As I mentioned before from an eastern view not only is the spine seen as a physical importance but also they take the Astral energy of the spine into account.

There are 7 energy chakras or wheels that are located energetically along the line of the spine and head. These wheels of energy are fed with prana the life force needed for our every action and thought. The chakras are affected by physical, emotional and mental issues and thoughts so when out of balance affect the person on all levels. The spinal cord is represented energetically by the Sushumna Nadi. Either side of this channel lies the Ida and Pingala Nadis which all together are considered to be the three most important of over 72.000 of the Nadis within the energy of the body. The Ida and Pingala carry energy up and down entwining around the Sushumna Nadi and they correspond in the physical by the sympathetic and parasympathetic nervous systems. They end and open into nostrils.

We can now see why the yoga breathing is considered beneficial to the spine and nervous system as insufficient prana would create a deficiency in the sushumna channel or the chakras. In turn this may create disharmony of the body or mind.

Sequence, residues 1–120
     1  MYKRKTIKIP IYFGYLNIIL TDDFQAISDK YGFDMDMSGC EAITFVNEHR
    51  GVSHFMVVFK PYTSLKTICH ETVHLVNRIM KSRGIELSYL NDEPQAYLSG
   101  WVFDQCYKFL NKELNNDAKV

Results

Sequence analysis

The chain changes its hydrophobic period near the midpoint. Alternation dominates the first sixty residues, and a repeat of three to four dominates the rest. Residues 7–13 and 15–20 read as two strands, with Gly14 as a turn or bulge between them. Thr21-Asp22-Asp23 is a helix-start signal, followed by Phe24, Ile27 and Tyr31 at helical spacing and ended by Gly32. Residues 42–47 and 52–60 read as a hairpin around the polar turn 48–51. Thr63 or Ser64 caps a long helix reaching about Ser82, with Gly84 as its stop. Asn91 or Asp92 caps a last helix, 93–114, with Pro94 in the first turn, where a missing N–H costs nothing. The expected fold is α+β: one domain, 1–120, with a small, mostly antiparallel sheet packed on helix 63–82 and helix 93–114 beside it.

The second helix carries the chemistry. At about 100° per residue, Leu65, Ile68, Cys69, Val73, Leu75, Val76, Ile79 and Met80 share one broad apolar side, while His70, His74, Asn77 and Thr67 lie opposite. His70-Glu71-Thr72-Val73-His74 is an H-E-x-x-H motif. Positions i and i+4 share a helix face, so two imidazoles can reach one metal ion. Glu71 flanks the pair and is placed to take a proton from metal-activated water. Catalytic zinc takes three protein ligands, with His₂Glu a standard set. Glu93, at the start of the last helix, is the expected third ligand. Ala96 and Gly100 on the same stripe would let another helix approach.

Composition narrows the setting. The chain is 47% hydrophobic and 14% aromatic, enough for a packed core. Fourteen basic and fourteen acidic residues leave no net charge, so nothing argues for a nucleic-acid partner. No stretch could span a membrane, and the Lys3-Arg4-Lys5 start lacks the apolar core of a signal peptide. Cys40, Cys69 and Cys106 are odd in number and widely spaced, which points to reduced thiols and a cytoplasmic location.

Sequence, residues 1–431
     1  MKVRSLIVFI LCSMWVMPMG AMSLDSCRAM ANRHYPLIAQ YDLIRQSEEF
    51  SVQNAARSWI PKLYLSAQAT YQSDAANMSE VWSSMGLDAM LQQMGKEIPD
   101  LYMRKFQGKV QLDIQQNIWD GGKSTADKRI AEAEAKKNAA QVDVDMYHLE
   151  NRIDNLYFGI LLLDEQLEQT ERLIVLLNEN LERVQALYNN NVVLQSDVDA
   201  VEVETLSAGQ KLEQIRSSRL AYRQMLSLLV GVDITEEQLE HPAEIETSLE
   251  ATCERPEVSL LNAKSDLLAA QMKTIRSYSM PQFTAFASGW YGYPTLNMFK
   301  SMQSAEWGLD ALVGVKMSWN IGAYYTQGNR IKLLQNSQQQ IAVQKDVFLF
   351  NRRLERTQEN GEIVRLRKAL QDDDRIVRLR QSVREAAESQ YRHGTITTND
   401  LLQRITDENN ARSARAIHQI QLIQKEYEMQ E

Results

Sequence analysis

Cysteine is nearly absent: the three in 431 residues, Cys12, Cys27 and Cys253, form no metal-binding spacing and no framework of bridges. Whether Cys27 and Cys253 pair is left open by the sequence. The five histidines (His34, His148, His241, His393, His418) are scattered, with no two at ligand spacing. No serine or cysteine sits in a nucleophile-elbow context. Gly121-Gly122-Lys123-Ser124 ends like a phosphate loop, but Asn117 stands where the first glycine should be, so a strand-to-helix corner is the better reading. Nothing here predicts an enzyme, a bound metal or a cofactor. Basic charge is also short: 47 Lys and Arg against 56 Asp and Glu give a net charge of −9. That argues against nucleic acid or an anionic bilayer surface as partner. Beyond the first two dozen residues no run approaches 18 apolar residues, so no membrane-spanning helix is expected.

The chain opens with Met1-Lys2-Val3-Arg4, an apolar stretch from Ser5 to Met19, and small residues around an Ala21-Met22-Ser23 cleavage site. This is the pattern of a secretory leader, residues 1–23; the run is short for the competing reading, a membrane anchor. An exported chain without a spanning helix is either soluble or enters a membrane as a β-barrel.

Through the regular practice of Asanas the chakras are activated, and through Pranayama breathing the body and energy of the body is richly nourished with Prana and along side through meditation and chanting the chakras are focused on and brought into perfect balance creating union of body an mind. As the yogi trains and brings the chakras in to balance it brings a rise from the Kundalini energy. This is represented by a coiled snake and lays dormant in the root chakra, through the disciplines I mentioned before this psychic energy raises piercing the centre of each chakra eventually reaching the crown where it is thought to bring Samadi, or pure consciousness, a connection with the supreme spirit, enlightenment or union with god. This brings a calmness and peace to the individual as they realize they are as one. Many ego issues disappear taking with it the stress involved in the mind and body.

In all we can see from both a western perspective the physical needs for the health of our spines and the western remedies of medications or physiotherapy applied, and from the eastern perspective for the need for physical and the emotional and spiritual care of our spines, and the remedies being a regular yoga practice with the use of meditation and relaxation and Pranayama breathing, everything being natural and preventative as well as healing leaving you to live a long and flexible and happy life.

Serena Morris is a certified Yoga teacher. She teaches Yoga classes in Alicante, Spain.